PRODUCTS: NITF Escalator Documentation

Stellar Science presents NITF Escalator, an Adobe Photoshop File Format Plug-in that allows you to read NITF 2.0, NITF 2.1 and NSIF 1.0 imagery files directly into Photoshop and other host image processing applications.

Normal Usage
NITF Escalator is a File Format plug-in that conforms to Adobe Photoshop's plug-in API. If you have an application that accepts these types of plug-ins then NITF Escalator will provide you with the ability to directly read in NITF imagery without performing off-line file conversions. Examples of applications that support Adobe's File Format Plug-in API are:

  • Adobe Photoshop CS2/CS3/CS4(x86)
  • Adobe Photoshop Elements 5.0/6.0/7.0

Many other applications support Adobe's File Format Plug-in API. NITF Escalator has not been tested with every such application, but if your application supports Adobe's File Format Plug-in API, you are encouraged to download a free trial version of NITF Escalator to see if it will work with your application. Please let us know what you find.

Routine usage of NITF Escalator is very straightforward. Once the plug-in has been installed into a host application, you need only use the File|Open... capabilities provided by the host. In other words, you will be able to open NITF imagery files just as you would open a JPEG image file. If your host application supports thumbnail display in its Open Dialog, then you will be able to see NITF thumbnails as well. Due to the complexity of the NITF format, however, it is not unusual for the appearance of a NITF thumbnail to differ somewhat from the way the image is initially displayed in your host application. If a NITF file is particularly large or has more than 3 channels, then NITF Escalator may be forced to make guesses as to the appropriate way to scale, crop, and channel map your image for the thumbnail display window. This is normal behavior. Once you have fully opened the image, you may use the capabilities provided by your host application to adjust the display parameters of the image.

Until you have purchased and entered a valid license key for your host application, the first thing you will see after opening a NITF image file is the License Dialog:

This dialog will tell you how many more images you may load before your trial period is finished (Note: The number of trial image loads are fixed on a per-machine basis -- not a per host application basis). Once you have purchased a license key for your host application, you may enter it here and you will never have to see this window again. Your host application's key is displayed here because you will need it in order to purchase a corresponding NITF Escalator license key.

Press OK to clear this window. If you have entered a valid license key or you have trials remaining, your NITF image will begin loading. The first thing NITF Escalator will do is show you the contents of the NITF file and image headers in a tree view:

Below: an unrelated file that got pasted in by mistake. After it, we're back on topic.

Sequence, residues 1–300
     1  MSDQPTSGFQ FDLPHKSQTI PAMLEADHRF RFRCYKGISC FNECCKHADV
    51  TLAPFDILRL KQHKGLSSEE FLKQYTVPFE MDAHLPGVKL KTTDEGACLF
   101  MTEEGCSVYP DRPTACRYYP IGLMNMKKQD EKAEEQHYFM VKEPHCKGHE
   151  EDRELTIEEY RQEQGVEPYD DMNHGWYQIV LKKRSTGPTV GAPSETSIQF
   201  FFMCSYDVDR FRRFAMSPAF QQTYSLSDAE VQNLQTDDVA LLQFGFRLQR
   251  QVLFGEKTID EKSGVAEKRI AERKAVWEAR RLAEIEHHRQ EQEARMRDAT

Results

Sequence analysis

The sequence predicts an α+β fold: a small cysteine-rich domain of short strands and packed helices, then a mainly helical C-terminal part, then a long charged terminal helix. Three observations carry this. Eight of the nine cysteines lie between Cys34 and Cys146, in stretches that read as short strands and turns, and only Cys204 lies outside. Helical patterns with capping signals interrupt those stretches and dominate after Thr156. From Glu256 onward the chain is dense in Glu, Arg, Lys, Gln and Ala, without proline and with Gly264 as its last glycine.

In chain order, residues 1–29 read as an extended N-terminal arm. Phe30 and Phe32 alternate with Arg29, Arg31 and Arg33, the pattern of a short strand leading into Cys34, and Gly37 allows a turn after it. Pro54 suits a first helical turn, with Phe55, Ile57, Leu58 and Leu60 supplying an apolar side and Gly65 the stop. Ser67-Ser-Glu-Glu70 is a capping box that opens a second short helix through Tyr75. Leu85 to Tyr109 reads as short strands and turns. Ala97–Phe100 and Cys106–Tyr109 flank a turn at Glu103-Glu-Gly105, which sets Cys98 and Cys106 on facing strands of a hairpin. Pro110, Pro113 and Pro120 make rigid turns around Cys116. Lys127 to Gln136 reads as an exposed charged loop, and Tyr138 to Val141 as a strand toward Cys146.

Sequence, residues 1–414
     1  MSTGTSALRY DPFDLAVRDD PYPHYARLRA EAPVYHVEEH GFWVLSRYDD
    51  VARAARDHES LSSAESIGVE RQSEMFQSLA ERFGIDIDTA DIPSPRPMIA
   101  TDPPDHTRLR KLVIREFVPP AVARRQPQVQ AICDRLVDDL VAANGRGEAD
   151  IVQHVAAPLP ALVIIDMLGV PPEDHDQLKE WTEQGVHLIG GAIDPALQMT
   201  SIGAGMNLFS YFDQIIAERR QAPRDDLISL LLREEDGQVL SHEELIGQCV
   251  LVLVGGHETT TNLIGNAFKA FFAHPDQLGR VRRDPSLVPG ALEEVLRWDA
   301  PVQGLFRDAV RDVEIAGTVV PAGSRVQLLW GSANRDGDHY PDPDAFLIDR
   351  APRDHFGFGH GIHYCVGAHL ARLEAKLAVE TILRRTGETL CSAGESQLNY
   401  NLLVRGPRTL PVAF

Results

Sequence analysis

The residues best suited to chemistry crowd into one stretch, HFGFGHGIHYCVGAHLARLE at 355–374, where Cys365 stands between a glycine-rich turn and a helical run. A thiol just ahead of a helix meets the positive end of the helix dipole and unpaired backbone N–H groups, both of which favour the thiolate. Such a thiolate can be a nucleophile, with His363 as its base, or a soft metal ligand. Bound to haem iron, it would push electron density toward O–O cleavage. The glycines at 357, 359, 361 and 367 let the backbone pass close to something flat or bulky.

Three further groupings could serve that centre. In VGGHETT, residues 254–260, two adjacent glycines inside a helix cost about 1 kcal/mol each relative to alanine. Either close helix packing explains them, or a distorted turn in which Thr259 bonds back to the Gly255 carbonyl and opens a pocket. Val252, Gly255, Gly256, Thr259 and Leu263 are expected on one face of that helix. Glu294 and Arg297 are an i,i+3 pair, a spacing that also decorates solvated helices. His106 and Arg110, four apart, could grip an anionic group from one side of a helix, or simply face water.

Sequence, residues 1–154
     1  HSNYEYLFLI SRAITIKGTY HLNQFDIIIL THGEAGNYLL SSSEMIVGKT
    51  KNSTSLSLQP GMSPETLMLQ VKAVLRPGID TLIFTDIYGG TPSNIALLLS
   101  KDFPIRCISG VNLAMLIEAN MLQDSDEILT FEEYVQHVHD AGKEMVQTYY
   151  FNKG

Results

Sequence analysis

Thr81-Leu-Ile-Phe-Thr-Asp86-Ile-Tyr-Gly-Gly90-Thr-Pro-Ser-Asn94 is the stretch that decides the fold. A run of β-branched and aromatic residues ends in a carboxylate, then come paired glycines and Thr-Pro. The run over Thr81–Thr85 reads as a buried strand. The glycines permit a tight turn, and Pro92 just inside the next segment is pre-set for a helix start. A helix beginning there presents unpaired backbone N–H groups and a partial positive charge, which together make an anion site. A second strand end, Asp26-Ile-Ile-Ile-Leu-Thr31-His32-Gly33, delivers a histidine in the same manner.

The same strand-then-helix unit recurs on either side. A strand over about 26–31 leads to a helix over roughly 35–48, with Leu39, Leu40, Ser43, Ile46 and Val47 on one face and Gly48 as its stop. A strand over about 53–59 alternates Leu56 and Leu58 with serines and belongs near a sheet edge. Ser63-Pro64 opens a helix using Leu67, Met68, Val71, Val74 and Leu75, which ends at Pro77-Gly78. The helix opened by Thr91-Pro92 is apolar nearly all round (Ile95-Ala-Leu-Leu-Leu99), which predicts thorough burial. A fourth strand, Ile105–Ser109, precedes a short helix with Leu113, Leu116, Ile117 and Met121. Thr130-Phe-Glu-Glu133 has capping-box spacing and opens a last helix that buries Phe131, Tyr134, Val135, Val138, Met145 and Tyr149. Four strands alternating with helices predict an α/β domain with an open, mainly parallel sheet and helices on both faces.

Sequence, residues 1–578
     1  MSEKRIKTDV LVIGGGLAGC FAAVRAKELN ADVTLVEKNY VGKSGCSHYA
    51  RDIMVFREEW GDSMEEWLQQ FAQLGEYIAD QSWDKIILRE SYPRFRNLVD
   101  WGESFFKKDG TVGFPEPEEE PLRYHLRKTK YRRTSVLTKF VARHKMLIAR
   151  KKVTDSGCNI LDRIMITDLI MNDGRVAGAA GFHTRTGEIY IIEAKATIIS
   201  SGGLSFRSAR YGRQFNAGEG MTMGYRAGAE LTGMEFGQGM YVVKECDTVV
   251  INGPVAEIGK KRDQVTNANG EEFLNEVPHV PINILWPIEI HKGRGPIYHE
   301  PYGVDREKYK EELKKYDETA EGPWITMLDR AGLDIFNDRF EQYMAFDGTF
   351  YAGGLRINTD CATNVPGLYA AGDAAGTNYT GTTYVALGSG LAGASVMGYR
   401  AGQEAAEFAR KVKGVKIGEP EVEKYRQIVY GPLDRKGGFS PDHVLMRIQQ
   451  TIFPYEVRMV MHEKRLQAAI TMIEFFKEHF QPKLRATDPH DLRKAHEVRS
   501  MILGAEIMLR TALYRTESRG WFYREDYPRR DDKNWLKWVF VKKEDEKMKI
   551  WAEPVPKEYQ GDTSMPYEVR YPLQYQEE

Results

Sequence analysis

The primary content of this tree view is the NITF file header and any image headers that are in the file. If you are familiar with the NITF file format specification, then you know that there are other types of headers that can appear in a NITF file (eg. Text Segment Headers and Graphics Segment Headers). Only file headers and image header information will be displayed here. Also note that not all NITF files have images in them. If this is the case, then you will not be able to open that file using NITF Escalator.

Click on the Open button to close this dialog and commence opening your NITF image. In most cases, your image file will begin loading immediately. In some instances, however, NITF Escalator will need to get more information from you before it can load the file.

Multiple Images in one NITF File
The NITF file format specification allows a single NITF file to contain more than one image. If this is the case for a given NITF file, then NITF Escalator will recognize this and ask you which image you would like to load with the following dialog:

When you select an image in the image list on the left, the dialog will tell you the following characteristics about that image:

  • Image Size: The X and Y dimensions of the image.
  • Compression (IC): The compression scheme used to compress the image. NITF Escalator only supports uncompressed images or images that have been compressed with JPEG 2000 compression. If the selected image uses an unsupported compression type, that fact will be indicated here.
  • Image Representation (IREP): The NITF specification allows the following values (see MIL-STD-2500C for more information):

    • MONO - Monochrome image
    • RGB - Red-Green-Blue color image
    • MULTI - Multi-band image
    • NODISPLY - Image not meant for display (though NITF Escalator will display it for you if you wish)
    • NVECTOR - Image contains cartesian coordinates
    • POLAR - Image contains polar coordinates
    • VPH - SAR Video Phase history
    • YCbCr601 - Image is compressed with ITU-R Recommendation BT.601.5 color space
  • Pixel Data Type: The data type contained in the image. Acceptable values are:

    1 Bit Boolean
    8 Bit Unsigned Integer
    8 Bit Signed Integer
    16 Bit Unsigned Integer
    16 Bit Signed Integer
    32 Bit Unsigned Integer
    32 Bit Signed Integer
    Single Precision Real Number
    Double Precision Real Number
    Unknown Pixel Type

If this is not enough information to help you decide which image you would like to load, you can either load each image one by one until you find the one you're looking for. Note that even though you can have multiple NITF image files open at once, you will only be able to have one image open from each NITF file at a time. If you do not wish to use this trial and error approach, you may want to consider examing the image headers to figure out which image you're looking for. Press the Cancel button and then open the file once more. You can then examine the image headers using the tree view.

Intensity Scaling
NITF Images can come in a variety of data types. NITF Escalator can handle nearly all of them, including images that contain the following pixel types: